LA HAINE is a well-regarded cinema verite-style French film that follows the misadventures of three youths over the course of a single day as they tangle with rival gangs, vengeful police, and various weird characters out on the streets. It's an entirely low budget production, shot in black and white, that's chiefly of note for being the film that helped propel Vincent Cassel to stardom. Certainly he burns up the screen here with his usual intensity and never disappoints.
Otherwise, this is the kind of film that you can take or leave. The critics love it because it shines a spotlight on the social issues affecting France during the day: petty crime and poverty, racism in the police forces, integration, gang culture. I admit that it's a thematically interesting production and it certainly looks and feels distinctive, but I always find that films like this fail to draw me into the lives of the characters in a truly compelling way. I didn't like the leads even though the experiences they go through are typically intense. As such, LA HAINE is watchable but oddly uninvolving.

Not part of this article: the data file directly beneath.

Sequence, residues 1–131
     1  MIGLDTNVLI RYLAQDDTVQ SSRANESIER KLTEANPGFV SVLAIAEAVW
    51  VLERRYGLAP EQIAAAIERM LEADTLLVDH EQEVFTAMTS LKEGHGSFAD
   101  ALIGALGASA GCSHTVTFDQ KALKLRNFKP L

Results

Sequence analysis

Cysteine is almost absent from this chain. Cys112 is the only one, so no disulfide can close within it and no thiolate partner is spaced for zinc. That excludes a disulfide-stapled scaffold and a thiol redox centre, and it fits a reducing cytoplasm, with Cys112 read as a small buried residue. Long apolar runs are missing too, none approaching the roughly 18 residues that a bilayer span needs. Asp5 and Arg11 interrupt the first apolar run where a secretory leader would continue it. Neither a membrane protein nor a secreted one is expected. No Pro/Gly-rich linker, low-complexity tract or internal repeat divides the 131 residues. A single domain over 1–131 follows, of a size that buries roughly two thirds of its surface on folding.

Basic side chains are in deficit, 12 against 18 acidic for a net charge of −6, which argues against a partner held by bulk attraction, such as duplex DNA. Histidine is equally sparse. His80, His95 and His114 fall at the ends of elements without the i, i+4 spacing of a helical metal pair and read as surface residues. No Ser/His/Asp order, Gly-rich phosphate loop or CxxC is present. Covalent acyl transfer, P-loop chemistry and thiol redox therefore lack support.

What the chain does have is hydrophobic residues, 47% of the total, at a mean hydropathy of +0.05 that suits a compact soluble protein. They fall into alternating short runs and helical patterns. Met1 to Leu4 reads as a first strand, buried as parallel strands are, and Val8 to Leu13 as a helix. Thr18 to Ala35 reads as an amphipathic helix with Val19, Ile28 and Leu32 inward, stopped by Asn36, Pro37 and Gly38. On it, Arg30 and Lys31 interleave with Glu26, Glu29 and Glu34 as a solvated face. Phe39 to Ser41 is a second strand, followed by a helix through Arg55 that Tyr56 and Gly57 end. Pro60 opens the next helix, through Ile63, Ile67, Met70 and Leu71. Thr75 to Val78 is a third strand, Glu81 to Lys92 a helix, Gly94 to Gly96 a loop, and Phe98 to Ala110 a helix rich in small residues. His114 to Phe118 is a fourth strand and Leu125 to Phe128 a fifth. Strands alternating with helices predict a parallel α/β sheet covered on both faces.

Loading video, please wait...
The film follows three young men and their time spent in the French suburban "ghetto," over a span of twenty-four hours. Vinz, a Jew, Saïd, an Arab, and Hubert, a black boxer, have grown up in these French suburbs where high levels of diversity coupled with the racist and oppressive police force have raised tensions to a critical breaking point. During the riots that took place a night before, a police officer lost his handgun in the ensuing madness, only to leave it for Vinz to find. Now, with a newfound means to gain the respect he deserves, Vinz vows to kill a cop if his friend Abdel dies in the hospital, due the beating he received while in police custody.
Uploaded by: FREEMAN